lower-limb-conditionsOur podiatrists are experienced and qualified in examining the entire lower limb, from the hips to the toes. Incorrect foot posture is a common cause for knee, hip and back pain, and we are able to assess your body as a whole to determine what might be causing your pain. Common lower limb conditions include:

  • Osteoarthritis: osteoarthritis is the degeneration of a joint caused by overuse. The overuse can be caused by general aging and wear and tear, sports or misalignment of the foot. Common locations of osteoarthritis in the lower limb include hips, knees, ankles and feet. Orthotics can often provide immense relief for arthritis pain, as well as slowing the progression.
  • Osgood-Schlatter disease: a painful condition affecting the knee. It is mostly found in adolescents between the ages of 9 and 16, and is caused by overuse of the knee particularly during a growth spurt. The condition is usually self-limiting, however our podiatrists can assist with stretches and exercises.
  • Shin splints: the common name for medial tibial stress syndrome. It is pain felt along the shin and can be experienced in one or both legs. It is an overuse injury that often arises after trying to exercise beyond your current fitness level. Other contributing factors include flat feet causing the muscles to overwork, poor footwear and high impact exercise such as running. Treatment consists of icing, rest, stretching, footwear modification and orthotics.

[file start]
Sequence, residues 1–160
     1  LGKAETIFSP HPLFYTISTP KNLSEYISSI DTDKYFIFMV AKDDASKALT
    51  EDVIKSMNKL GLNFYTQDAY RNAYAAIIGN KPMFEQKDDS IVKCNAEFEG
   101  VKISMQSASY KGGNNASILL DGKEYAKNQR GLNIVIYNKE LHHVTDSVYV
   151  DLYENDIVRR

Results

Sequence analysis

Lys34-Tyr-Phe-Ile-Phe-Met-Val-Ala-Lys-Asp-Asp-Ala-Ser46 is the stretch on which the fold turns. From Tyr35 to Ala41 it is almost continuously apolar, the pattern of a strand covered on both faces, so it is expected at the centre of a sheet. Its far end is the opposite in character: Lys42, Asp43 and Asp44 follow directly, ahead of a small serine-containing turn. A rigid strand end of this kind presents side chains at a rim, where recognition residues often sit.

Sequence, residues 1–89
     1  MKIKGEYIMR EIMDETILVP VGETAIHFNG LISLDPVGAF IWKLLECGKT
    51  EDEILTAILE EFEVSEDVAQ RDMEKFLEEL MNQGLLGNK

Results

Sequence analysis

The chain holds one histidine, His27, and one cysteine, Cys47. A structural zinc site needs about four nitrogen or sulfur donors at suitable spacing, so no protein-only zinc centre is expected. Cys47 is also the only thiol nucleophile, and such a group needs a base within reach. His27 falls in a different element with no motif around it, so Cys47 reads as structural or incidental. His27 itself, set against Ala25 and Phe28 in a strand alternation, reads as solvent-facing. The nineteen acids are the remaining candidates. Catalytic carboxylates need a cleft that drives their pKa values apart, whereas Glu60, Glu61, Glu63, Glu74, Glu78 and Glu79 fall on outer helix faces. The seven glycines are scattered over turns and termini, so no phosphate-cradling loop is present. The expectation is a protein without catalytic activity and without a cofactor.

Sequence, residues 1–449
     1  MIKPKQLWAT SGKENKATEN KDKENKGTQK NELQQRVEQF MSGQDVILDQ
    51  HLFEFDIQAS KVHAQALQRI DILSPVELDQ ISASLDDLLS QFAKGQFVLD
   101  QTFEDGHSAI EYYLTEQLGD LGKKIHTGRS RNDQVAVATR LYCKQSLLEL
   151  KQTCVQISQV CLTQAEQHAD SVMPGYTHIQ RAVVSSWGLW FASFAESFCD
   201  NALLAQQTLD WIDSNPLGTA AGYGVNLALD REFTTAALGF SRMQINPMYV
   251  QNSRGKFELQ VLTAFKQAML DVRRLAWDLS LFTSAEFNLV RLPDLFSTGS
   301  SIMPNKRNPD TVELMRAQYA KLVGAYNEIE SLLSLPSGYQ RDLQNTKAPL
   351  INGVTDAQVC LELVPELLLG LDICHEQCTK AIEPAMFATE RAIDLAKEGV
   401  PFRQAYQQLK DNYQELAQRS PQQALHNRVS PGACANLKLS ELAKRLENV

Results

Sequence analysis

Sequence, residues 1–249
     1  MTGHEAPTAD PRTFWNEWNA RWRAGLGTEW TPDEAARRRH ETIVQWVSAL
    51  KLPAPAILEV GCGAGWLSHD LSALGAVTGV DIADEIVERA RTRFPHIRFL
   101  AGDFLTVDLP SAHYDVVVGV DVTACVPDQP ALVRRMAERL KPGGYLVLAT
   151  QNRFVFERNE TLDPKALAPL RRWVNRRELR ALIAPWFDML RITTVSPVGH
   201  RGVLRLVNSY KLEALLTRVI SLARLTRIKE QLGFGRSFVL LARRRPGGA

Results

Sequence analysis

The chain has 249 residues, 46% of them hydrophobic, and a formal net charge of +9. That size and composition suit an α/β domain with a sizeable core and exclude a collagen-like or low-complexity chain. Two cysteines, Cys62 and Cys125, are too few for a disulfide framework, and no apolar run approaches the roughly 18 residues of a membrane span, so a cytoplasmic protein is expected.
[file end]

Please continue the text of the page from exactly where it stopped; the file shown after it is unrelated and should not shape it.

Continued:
• Deep vein thrombosis: a potentially serious health issue involving the formation of a blood clot in the deep veins of the legs. Factors that contribute to the develop of a DVT include long flights, surgery, immobility, heart disease, smoking, obesity, heart disease and family history. A DVT is symptomised by pain and swelling in the affected leg. A DVT becomes life threatening if the clot travels through the circulatory system and becomes a pulmonary embolism. Treatment consists of anticoagulatory drugs, hospitalisation and modification of risk factors.
  • Muscle tears and strains: can occur during strenuous exercise or during the course of everyday activity where a sudden movement occurs. Symptoms include pain, bruising and stiffness. They can range in severity from tearing a few muscle fibers to a complete tear of the muscle. Treatment depends on the severity of the strain, and includes rest, icing, compression and surgery.